Friday, May 8, 2009

Devolution's working...for the chatteratti (and bloggers?).

Michael White in The Guardian:
Scotland's education, never as good as it told itself, and its notoriously bad health outcomes, have improved; but the gap with England has widened. Easy, responsive populism and extra cash have allowed Holyrood to duck hard choices, McLaren said. The poor lose out while free care for the elderly, free scrips and free university education featherbed middle-class Scots.
Says one acerbic participant: "The chatteratti voted for devolution, they got it and are being rewarded for it."

Seems to be a similar story in Wales:
During the first year the Assembly Government’s declared aim was to increase the Welsh GVA (gross value added – a variation of GDP) per head from around 80% to 90% of the UK average within a decade. However, it very soon abandoned this objective and our GVA has actually declined to 77%, a full 23 points below the UK average.

The position is even starker in comparison with the other nations and regions. Wales has the lowest score, three points behind Northern Ireland. In contrast, London has the highest GVA per head – on 141 percentage points compared with the 100 UK average.

The Welsh Valleys remain stubbornly at the bottom end of all statistics. Of the top 10 Parliamentary constituencies with the highest incapacity benefit claimants in the UK, the Valleys contain five – Merthyr, Rhondda, Cynon Valley, Blaenau Gwent, and Aberavon.

For Wales as a whole there is a steady stream of negative statistics:

Only the West Midlands has had slower growth since 1999;
Lowest private sector R&D spend in the UK;
lowest full-time weekly wages in the UK;
bottom of UK rankings for tests for 15-year-olds;
we spend 8% per child less than England in schools;
we have a spending gap of £55m with England in higher education;
fewer graduates remain in Wales for employment than other UK nations.


Stonemason. said...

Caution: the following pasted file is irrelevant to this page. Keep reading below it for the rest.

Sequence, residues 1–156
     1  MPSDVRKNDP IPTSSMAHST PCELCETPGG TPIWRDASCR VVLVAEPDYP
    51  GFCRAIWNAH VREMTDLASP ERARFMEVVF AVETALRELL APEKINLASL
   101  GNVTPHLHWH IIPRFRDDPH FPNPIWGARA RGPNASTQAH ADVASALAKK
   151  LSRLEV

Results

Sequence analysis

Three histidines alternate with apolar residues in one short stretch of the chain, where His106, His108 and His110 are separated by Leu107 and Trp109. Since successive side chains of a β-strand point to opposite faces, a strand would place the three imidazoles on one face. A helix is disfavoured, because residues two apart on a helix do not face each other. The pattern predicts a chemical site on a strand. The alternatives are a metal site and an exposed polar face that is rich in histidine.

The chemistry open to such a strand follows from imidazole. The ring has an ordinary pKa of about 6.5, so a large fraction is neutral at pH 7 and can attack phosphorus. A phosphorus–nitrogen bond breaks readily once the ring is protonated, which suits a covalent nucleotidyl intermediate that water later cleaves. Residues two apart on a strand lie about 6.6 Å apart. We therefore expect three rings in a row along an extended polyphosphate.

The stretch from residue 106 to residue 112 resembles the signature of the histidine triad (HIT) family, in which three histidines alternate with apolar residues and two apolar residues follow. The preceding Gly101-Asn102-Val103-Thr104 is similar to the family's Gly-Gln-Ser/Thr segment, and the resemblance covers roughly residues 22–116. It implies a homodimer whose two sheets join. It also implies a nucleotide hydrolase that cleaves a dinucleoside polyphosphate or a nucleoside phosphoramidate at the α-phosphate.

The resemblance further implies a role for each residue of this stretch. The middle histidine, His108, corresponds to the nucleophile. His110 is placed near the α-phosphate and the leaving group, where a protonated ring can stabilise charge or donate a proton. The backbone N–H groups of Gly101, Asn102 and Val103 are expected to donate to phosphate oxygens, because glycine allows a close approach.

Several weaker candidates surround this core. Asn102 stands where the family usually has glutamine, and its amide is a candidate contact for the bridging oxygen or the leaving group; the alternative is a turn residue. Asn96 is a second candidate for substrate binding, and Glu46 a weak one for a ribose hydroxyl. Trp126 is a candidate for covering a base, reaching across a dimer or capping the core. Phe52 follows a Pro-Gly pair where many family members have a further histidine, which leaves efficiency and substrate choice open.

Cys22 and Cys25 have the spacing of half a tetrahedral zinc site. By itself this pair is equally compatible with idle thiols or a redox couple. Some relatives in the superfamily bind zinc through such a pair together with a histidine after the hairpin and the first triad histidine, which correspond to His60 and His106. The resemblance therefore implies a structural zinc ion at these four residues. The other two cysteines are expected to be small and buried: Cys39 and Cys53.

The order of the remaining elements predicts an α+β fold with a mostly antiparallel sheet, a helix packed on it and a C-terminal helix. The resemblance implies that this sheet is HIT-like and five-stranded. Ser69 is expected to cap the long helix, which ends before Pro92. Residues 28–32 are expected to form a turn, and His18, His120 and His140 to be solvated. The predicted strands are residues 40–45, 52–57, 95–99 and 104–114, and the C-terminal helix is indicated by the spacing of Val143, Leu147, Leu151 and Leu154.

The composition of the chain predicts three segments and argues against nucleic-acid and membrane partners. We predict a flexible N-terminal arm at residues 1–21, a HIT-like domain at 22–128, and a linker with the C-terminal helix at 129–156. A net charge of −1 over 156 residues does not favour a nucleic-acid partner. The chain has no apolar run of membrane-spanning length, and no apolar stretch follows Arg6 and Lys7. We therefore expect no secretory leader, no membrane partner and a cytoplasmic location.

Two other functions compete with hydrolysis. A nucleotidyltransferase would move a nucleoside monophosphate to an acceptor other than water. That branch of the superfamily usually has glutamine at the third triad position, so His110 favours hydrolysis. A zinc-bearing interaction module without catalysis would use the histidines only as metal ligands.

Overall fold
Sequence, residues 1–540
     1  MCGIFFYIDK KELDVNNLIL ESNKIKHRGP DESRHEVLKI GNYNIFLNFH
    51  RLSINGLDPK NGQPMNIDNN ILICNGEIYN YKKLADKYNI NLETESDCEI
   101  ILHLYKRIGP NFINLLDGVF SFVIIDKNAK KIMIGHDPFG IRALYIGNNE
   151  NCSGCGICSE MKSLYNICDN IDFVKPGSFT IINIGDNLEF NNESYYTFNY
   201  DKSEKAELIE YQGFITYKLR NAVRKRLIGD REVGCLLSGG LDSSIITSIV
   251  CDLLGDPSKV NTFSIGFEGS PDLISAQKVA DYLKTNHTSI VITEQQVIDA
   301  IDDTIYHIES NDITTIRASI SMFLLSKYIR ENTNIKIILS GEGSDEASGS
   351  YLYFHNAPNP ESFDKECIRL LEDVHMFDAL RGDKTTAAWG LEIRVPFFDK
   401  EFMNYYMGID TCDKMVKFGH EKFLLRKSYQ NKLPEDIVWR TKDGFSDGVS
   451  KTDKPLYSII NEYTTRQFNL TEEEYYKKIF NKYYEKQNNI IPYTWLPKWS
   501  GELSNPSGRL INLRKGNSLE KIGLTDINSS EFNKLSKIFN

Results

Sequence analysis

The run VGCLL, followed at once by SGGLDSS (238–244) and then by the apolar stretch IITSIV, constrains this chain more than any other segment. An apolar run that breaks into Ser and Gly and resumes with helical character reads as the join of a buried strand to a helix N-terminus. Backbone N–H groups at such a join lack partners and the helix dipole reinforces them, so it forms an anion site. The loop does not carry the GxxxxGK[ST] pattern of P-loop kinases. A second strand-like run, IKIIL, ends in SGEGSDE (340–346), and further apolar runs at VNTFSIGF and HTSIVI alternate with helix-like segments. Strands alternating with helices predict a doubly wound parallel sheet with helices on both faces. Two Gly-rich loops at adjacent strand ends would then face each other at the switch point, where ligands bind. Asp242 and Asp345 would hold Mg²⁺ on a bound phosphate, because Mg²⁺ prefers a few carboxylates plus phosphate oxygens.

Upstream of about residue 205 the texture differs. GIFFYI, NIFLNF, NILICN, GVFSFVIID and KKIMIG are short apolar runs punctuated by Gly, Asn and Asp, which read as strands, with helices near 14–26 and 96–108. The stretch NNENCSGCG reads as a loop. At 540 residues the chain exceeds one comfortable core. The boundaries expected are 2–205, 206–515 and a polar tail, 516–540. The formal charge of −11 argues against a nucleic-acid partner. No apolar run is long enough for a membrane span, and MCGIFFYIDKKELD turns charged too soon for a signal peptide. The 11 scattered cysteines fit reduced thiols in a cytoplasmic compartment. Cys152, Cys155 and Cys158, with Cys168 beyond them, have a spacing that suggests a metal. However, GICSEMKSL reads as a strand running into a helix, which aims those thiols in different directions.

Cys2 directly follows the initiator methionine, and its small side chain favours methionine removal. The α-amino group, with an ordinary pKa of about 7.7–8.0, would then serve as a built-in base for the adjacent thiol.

It's a dreadful indictment on the political landscape of Wales, where politicians pursue cultural re-engineering at the expense of what is needed.

I have not met a politician who could build a ship, nor have I met a politician who could design a great building; but there are many politicians in Wales who see the future in the dark recesses of a cultural past, so should we expect anything other than a return to the poverty of the past, mediocrity is what we have to look forward too.

The Aberdonian said...

Cochrane was doing similar grumblings about the "devolution industry" yesterday. Which is ironic since him and his wife Jenny Hjul are as much part of it.

For all his whining, if devolution did not exist he probably would not be back here but stuck in the south of England (he appropriately lived in Tunbridge Wells so he has had plenty of practice of being disgusted before he came back to the homeland!). Without devolution he would not be living in nice pied de terre in Edinburgh's New Town. In London his London equivalent salary would probably not get him a garage in Chelsea. He instead would be commuting from the styx every day and he would not be able to access his holiday home in the Angus Glens quite so regularly!

The argument about the chatterati is er a bit flawed unless the chatterati are most of the Scottish people.

At the end of the day if there was strong opposition against the Parliament then they should vote for UKIP, SUP or set up some party to get it shut down.

I think the London reactionary chatterati's ego is feeling a bit deflated after 10 years of devolution!

O'Neill said...

The article was written by Michael White not Alan Cochrane.

The Aberdonian said...

Aware of that, it just seemed to be in the same tone although less carping.

I think Cochrane would rather vote Solidarity than write for the Guardian.